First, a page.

Sorry for trolling this O.O
  • Posted by a hidden member.Log in to view his profile
    QUOTE Dec 27, 2011 2:42 AM GMT
    What about cinnamon powder that you sprinkle on things like pudding, or into eggnog? Does it provide similar health benefits?
  • Posted by a hidden member.Log in to view his profile
    QUOTE Dec 27, 2011 3:39 AM GMT
    ^ yes it does... and to satisfy the purists... if you have cinnamon powder that you buy, it is possible that it has been produced with several varieties of cinnamon.. including other varieties than true cinnamon... these other varieties should not be over-used because some, in addition to the health benefits, can have a side effect of thinning the blood... true cinnamon is the safest variety and does not carry that risk, but it may not be available in powdered form... nonetheless.. if you dont overuse the powdered cinnamon, you will have no problem...
  • Posted by a hidden member.Log in to view his profile
    QUOTE Dec 27, 2011 3:50 AM GMT
    GreenHopper said^ yes it does... and to satisfy the purists... if you have cinnamon powder that you buy, it is possible that it has been produced with several varieties of cinnamon.. including other varieties than true cinnamon... these other varieties should not be over-used because some, in addition to the health benefits, can have a side effect of thinning the blood... true cinnamon is the safest variety and does not carry that risk, but it may not be available in powdered form... nonetheless.. if you dont overuse the powdered cinnamon, you will have no problem...

    OK, I've got a fresh eggnog in front of me, sprinkled with powered cinnamon (also spiked with a bit of rum). I raise my glass to you. icon_biggrin.gif
  • Posted by a hidden member.Log in to view his profile
    QUOTE Dec 27, 2011 3:59 PM GMT
    GreenHopper saidThe discussin Calibro started was not about which cinnamon tastes better.. its about whether cassia is a cinnamon or not... this is a specialist discussion that Im not about to have because thats not what this thread is about. have it your way outside of this thread guys... this is about the health benefits of chewing cinnamon as it is known in LAYMAN's terms... if you want a specialist cooking thread.. do it there... Im not interested in discussing cinnamon cooking on here.. the health benefits of layman's fake cinnamon are listed and Im not about to waste my time with this guys.. note that the title is CHEWING cinnamon sticks and what people buy as cinnamon sticks is cassia.. therefore the purpose is served by calling it what they call it.... I know full well about the differences between the different kinds of cinnamon.. it is of no consequence to begin talking about specialist terms and cooking stuff on a layman's thread that doesnt cover the cooking topic and is not a debate about the different forms of cinnamon.. chewing the stick is what this thread is clearly about.. I'll stick to the topic and worry about the specialist stuff in the appropriate setting people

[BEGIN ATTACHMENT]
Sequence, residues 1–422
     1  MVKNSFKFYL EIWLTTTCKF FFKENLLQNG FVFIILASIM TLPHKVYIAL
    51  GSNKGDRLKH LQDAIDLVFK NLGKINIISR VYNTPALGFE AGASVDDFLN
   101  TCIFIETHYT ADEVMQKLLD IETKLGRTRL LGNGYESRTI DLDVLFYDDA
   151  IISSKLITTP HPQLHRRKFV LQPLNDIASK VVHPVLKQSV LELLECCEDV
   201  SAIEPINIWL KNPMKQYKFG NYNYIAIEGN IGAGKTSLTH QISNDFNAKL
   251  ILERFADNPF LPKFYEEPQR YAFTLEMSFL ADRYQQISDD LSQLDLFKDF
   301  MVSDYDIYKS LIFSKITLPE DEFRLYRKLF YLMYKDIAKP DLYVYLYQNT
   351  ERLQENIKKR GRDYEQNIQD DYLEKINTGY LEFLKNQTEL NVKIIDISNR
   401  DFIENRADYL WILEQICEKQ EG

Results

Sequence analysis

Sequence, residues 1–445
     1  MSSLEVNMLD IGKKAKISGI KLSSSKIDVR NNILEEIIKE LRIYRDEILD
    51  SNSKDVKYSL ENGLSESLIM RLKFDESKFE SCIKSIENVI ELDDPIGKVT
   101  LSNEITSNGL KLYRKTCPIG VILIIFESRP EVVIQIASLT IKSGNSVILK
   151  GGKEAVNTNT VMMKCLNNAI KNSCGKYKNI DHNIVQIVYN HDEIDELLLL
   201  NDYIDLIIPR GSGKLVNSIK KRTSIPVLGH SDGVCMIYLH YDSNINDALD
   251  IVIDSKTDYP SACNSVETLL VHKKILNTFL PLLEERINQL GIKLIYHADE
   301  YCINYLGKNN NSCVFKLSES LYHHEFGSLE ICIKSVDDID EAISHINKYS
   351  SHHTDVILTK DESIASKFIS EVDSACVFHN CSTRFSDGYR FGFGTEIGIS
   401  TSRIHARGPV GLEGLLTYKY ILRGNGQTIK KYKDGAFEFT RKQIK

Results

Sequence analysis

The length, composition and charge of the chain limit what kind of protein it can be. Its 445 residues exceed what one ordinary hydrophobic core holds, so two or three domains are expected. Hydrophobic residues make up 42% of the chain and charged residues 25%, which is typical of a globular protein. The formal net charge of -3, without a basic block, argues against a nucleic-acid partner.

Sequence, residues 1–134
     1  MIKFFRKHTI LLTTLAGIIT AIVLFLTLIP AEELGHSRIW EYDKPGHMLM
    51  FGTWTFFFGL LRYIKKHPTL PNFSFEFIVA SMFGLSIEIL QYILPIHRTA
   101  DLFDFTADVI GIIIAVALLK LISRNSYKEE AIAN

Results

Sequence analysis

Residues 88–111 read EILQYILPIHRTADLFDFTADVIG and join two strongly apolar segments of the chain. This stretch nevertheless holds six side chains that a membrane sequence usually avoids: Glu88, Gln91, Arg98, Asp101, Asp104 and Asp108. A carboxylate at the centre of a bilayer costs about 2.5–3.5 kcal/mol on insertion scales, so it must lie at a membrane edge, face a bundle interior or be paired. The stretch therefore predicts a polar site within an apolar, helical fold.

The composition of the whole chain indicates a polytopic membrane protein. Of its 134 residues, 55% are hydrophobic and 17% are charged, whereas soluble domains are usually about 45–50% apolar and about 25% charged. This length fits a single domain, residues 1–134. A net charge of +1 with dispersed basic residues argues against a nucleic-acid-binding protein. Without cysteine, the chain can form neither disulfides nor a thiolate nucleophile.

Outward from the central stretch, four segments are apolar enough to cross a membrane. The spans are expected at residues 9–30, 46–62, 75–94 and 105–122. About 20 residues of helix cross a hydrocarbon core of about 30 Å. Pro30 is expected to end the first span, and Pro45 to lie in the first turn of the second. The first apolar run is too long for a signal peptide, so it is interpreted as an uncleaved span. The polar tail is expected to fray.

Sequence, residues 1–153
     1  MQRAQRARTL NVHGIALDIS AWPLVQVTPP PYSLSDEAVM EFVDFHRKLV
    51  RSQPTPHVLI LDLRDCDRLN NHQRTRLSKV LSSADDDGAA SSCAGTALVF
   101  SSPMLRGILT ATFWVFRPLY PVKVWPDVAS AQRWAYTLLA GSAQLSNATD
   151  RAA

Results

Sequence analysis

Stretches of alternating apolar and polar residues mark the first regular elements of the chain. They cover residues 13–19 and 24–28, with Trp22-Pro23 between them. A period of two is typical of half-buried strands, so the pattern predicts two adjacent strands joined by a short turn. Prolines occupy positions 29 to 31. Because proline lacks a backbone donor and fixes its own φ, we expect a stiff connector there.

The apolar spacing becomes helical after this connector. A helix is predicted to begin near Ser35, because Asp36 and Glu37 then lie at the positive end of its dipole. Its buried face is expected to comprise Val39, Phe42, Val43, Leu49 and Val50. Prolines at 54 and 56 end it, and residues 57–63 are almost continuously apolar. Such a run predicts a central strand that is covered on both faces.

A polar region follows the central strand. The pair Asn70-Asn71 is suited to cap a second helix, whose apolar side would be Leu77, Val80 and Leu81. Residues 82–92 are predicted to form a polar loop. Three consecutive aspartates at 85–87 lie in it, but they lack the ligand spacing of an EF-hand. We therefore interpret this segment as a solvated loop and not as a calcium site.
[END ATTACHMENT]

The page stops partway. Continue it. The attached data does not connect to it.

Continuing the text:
he just has this need to be right and achieves it by pedantry

    Ep9+Bored+Puppy.jpg
  • rankoutsider Posts: 179
    QUOTE Dec 27, 2011 4:13 PM GMT
    GreenHopper said^ yes it does... and to satisfy the purists... if you have cinnamon powder that you buy, it is possible that it has been produced with several varieties of cinnamon.. including other varieties than true cinnamon... these other varieties should not be over-used because some, in addition to the health benefits, can have a side effect of thinning the blood... true cinnamon is the safest variety and does not carry that risk, but it may not be available in powdered form... nonetheless.. if you dont overuse the powdered cinnamon, you will have no problem...